Gare de Strasbourg-Ville

  (Redirected from Strasbourg station)

Strasbourg-Ville is the main railway station in the city of Strasbourg, Bas-Rhin, France. It is the eastern terminus of the Paris-Est–Strasbourg-Ville railway. The current core building, an example of historicist architecture of the Wilhelminian period, replaced a previous station inaugurated in 1852, later turned into a covered market and ultimately demolished.
With over 20 million passengers in 2018, Strasbourg-Ville is one of the busiest railway stations in France, second only to Lyon-Part-Dieu outside of the Île-de-France.[2]

Strasbourg SNCF
SNCF railway station
Gare de Strasbourg Interior, Alsace, France - Diliff.jpg
Original facade under the modern canopy built in 2007
Location20 Place de la gare, 67000 Strasbourg
Coordinates48°35′06″N 7°44′04″E / 48.58500°N 7.73444°E / 48.58500; 7.73444Coordinates: 48°35′06″N 7°44′04″E / 48.58500°N 7.73444°E / 48.58500; 7.73444
Owned bySNCF
Line(s)Paris-Est–Strasbourg-Ville railway
Strasbourg–Basel railway
Appenweier–Strasbourg railway
Strasbourg–Lauterbourg railway
Strasbourg–Saint-Dié railway
ArchitectJohann Eduard Jacobsthal
Other information
Passengers (2018)20,170,472[1]
Preceding station   SNCF   Following station
toward Paris-Est
toward northwestern France
toward Zürich
toward southeastern France
toward Freiburg
towards Munich
towards Marseille
towards Frankfurt
TerminusTER Grand Est A1
toward Basel SBB
TER Grand Est A2
toward Mulhouse
TER Grand Est A3
toward Sarrebourg
TER Grand Est A5
toward Niederbronn
TER Grand Est A6
toward Saarbrücken
TER Grand Est A7
toward Barr
TER Grand Est A8
TER Grand Est A9
toward Lauterbourg
TER Grand Est A11
toward Offenburg
TER Grand Est A34
toward Wissembourg
toward Nancy-Ville
TER Grand Est A13Terminus
toward Metz-Ville
TER Grand Est A14
Strasbourg is located in France
Strasbourg SNCF
Location in France
Strasbourg is located in Europe
Strasbourg SNCF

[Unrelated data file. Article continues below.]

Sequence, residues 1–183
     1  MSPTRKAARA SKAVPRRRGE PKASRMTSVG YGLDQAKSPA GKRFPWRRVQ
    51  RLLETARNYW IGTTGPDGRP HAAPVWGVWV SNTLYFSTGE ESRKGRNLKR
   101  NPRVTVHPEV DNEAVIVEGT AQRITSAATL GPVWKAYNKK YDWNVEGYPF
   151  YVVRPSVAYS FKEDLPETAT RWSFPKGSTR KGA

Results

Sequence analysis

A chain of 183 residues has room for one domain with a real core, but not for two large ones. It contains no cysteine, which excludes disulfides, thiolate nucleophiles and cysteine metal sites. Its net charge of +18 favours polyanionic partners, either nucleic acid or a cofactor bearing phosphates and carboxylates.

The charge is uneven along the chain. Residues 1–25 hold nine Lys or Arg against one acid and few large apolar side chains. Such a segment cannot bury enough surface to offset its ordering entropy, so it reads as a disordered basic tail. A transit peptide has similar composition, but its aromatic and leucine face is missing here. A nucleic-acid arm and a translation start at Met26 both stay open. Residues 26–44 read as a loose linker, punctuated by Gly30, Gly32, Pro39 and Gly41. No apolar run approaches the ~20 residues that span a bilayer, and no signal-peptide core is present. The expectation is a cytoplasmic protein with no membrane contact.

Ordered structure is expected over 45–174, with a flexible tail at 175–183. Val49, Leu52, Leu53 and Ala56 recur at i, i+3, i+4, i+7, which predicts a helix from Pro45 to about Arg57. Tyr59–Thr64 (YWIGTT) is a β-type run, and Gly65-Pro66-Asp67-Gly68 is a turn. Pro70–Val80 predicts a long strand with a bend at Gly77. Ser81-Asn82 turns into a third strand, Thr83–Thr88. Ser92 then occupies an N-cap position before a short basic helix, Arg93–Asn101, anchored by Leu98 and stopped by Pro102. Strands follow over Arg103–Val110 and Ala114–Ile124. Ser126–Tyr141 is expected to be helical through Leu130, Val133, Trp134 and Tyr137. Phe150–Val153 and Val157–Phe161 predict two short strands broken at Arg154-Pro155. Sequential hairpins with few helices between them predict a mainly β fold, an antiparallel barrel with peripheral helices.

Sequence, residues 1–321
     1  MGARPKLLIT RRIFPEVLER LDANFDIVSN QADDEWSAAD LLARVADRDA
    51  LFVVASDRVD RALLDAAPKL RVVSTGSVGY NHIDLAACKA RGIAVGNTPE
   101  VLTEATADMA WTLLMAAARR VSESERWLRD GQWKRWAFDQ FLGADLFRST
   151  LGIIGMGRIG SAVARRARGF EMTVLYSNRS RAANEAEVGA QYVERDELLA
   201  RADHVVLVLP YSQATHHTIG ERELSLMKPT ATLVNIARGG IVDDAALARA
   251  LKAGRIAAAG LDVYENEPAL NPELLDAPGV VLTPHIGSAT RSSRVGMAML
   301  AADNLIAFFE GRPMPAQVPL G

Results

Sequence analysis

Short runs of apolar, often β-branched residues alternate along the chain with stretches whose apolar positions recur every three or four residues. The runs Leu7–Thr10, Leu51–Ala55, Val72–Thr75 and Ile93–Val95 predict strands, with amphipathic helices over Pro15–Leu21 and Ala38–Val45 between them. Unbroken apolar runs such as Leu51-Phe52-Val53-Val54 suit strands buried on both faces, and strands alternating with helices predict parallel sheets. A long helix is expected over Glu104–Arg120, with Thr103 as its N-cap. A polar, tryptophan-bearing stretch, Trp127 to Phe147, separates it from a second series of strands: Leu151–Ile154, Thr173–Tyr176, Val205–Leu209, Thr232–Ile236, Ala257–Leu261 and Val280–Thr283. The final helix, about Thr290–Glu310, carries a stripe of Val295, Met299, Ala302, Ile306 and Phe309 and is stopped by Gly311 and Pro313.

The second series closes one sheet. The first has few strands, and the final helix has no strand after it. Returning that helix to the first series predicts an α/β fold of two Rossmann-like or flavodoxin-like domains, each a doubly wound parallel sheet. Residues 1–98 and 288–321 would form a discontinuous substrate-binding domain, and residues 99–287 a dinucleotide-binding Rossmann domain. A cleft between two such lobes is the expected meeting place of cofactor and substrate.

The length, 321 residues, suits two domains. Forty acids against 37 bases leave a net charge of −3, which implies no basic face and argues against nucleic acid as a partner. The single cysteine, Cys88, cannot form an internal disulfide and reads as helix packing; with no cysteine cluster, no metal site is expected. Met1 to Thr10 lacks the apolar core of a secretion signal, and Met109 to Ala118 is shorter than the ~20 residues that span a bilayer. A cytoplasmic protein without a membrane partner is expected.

Location in Europe

Previous historyEdit

Strasbourg's first railway station was inaugurated on 19 September 1841 with the opening of the Strasbourg–Basel railway. It was situated far from the city center, in the district of Koenigshoffen.[3] On 11 July 1846, it was moved to the city center; a new building was designed (as a terminus station) by the French architect Jean-André Weyer (1805–??) and inaugurated on 18 July 1852 by Président Bonaparte. After the German annexation of Alsace following the Franco-Prussian War and as part of the general rebuilding of the town after the Siege of Strasbourg, the construction of a larger station (not a terminus station) in the Neustadt was decided and began in 1878. Weyer's station became Strasbourg's central market hall in 1884. It was demolished in 1974.[4]


The historical building of Strasbourg's current railway station was built between 1878 and 1883 by the German architect Johann Eduard Jacobsthal (1839–1902). In 1900, Hermann Eggert, architect of the imperial palace Palais du Rhin, added a special waiting section and staircase for the German emperor, Wilhelm II, now known as the Salon de l'empereur, with stained glass windows by the manufacturers Ott Frères. The historical building was classified as a Monument historique (type "inscrit") on 28 December 1984. Prior to the opening of the high speed train line LGV Est, the station was refurbished by architect Jean-Marie Duthilleul (born 1952) in 2006–2007 and its size and capacity largely increased by the addition of a huge glass roof entirely covering the historical façade. The modernization of the station was bestowed a Brunel Award in 2008.[5][6][7]